Mic’d Up during Sunday night’s ESPN games draws rave reviews

Major League Baseball has taken its fair share of criticism for changes that try to attract younger fans to the game, but there was one this season that drew rave reviews.

MLB has expanded that players can be miked and interviewed during games, having done so to a limited extent in 2017-20. It’s become a weekly event on ESPN’s Sunday Night Baseball and has spawned some funny moments.

“I’ve been pleasantly surprised that it has gained momentum and maintained it because it’s not the first time we’ve asked and had a collaboration,” said Phil Orlins, ESPN’s vice president of production. “To see this year kick off, along with a palpable excitement from the players to be a part of it, has been a pleasant breakthrough.”

Fox first conducted the in-game interviews with players during the 2017 All-Star Game in Miami. ESPN followed in spring training in 2018-19 before appearing in a limited capacity in the truncated 2020 regular season.


It was shelved last year due to strained ties with the MLB Players Association. But now that labor peace is back, mic’d up is back, with ESPN seeing the most benefits so far.

David Cone, an analyst at ESPN, said that players who have a microphone also give them an opportunity to show their personality and improve the game’s marketing.

“Their personalities need to be shown more like other sports and this is the best opportunity,” he said. “It’s great that the opportunity is there and has been embraced. Each of the players showed a side of their personality that you wouldn’t have seen otherwise.”

Players have also shown that they can continue to play at a high level with earphones and a microphone. The only comparison to what MLB and ESPN do is that NASCAR drivers are interviewed during races, but it’s done during cautionary periods, not when they’re fighting wheel-to-wheel for the lead.


“We don’t know what this player is going to say or what the result will be. We’ve had situations where Francisco Lindor gets a groundball and he was scared to death that he was going to boot him out while Max Scherzer was on the hill and he had a mic with us. And then the relief on the human side because he was happy he made the game,” said ESPN analyst Eduardo Perez.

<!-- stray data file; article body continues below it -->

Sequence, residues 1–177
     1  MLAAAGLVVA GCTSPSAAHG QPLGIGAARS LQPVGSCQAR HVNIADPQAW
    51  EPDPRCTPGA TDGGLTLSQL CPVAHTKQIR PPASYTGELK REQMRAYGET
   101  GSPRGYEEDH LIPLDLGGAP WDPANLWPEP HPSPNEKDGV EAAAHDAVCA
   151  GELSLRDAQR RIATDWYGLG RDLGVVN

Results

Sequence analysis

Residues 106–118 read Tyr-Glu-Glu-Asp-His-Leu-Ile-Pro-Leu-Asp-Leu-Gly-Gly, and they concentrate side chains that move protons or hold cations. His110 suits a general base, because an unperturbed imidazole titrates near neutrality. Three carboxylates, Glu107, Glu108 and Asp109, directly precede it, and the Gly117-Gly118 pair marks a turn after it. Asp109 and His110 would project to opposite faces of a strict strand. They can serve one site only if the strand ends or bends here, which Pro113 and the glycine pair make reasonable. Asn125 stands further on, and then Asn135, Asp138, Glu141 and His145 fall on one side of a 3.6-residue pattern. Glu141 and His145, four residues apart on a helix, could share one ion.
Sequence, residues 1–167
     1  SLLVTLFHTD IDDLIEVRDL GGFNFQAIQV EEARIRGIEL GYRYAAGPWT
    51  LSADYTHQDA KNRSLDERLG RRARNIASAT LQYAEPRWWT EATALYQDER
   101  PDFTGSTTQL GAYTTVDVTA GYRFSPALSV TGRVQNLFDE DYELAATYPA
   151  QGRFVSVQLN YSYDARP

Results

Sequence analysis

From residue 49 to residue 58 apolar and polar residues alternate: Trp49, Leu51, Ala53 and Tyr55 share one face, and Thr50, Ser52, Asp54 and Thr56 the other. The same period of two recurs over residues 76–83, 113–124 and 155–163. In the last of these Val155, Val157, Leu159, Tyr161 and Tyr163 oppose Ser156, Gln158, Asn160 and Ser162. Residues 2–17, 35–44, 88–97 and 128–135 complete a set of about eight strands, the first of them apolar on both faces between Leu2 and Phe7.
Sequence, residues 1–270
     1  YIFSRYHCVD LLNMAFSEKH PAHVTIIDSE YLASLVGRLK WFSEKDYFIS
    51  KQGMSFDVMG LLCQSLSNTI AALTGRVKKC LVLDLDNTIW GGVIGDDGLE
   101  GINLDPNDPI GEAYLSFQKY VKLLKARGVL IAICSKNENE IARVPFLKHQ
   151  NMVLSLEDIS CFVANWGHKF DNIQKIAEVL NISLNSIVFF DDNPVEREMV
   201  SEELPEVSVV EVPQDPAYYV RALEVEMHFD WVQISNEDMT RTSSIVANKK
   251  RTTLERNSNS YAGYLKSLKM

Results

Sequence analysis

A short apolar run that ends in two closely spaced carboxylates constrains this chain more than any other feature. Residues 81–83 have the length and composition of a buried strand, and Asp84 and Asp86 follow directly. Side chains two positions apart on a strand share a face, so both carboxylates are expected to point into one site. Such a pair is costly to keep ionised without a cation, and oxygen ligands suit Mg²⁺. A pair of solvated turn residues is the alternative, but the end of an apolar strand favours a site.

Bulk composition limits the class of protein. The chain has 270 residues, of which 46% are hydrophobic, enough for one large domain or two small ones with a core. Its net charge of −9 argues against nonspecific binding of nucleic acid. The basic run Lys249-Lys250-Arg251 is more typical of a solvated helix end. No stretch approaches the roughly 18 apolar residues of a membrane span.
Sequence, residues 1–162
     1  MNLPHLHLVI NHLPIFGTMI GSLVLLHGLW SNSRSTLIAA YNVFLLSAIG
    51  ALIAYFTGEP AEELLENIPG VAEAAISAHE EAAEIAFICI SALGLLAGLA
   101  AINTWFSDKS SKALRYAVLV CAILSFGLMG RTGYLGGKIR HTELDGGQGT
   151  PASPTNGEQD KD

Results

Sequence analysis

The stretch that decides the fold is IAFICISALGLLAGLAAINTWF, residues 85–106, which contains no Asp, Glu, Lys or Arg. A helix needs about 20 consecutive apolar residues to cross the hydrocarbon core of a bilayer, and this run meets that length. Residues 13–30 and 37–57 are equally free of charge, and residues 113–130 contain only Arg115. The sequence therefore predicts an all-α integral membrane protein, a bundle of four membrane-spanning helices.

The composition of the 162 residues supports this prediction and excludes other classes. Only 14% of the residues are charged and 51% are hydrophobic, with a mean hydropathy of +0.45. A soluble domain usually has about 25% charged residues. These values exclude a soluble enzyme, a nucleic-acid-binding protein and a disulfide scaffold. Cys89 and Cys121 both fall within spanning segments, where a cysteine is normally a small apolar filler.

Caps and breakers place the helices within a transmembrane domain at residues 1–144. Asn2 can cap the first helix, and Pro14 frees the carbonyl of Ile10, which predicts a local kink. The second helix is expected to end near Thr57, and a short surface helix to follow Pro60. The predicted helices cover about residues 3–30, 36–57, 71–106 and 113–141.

Aside from Lindor discussing the intensity of New York Mets teammate Scherzer on the mound, Joey Votto from Cincinnati made an impromptu play-by-play from first base during the opening game against Atlanta.

Boston outfielder Kiké Hernandez debated whether he would throw home or to second base if he hit a ball to himself. When the Yankees’ Anthony Rizzo got a base hit down the middle, fans could hear Hernandez getting on the ball and then making a full-bodied throw home.


Lindor, who was provided with a microphone during a game against the Philadelphia Phillies on May 1, said there wasn’t much of an adjustment compared to what he usually does during a game.

“I talk during the games anyway, so it’s nothing else,” he said. “The fans get to hear a bit of interaction and how I’m processing the game, and that’s always fun for the fans.”

Three-time AL MVP Mike Trout is scheduled to be the mic-up player this week when the Los Angeles Angels host the Mets.

The only positions that haven’t made it yet are pitchers and catchers. ESPN announcer Karl Ravech also noted that if a referee did it for a week, it could also be interesting.

“I think the unknown of each individual is what makes this whole thing great,” he said. “We believe that we know certain personalities and they will be great. We feel we know certain personalities who are unlikely to be conducive to this or turn out to be incredible in this type of side game.


“We learned a lot about Bryce Harper when he was DH. He gave us so many insights from a star player that you wouldn’t get otherwise. And yet, for the most part, Harper is probably seen as a rather quiet guy. We got so much out of him because we’re talking about baseball, you know, his comfort zone.

Mic’d up will likely expand to other shows as well. MLB chief revenue officer Noah Garden said Fox will do so during next month’s All-Star game in Los Angeles, while opportunities also exist for Peacock’s Sunday afternoon games and Apple TV+’s Friday night coverage.

“We’ve always worked with our media partners to innovate our shows and I think it’s important for us to continue to do so. Those went well and you keep pushing forward,” he said.


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https://www.local10.com/entertainment/2022/06/11/micd-up-during-espn-sunday-night-games-draws-rave-reviews/ Mic’d Up during Sunday night’s ESPN games draws rave reviews

Sarah Y. Kim

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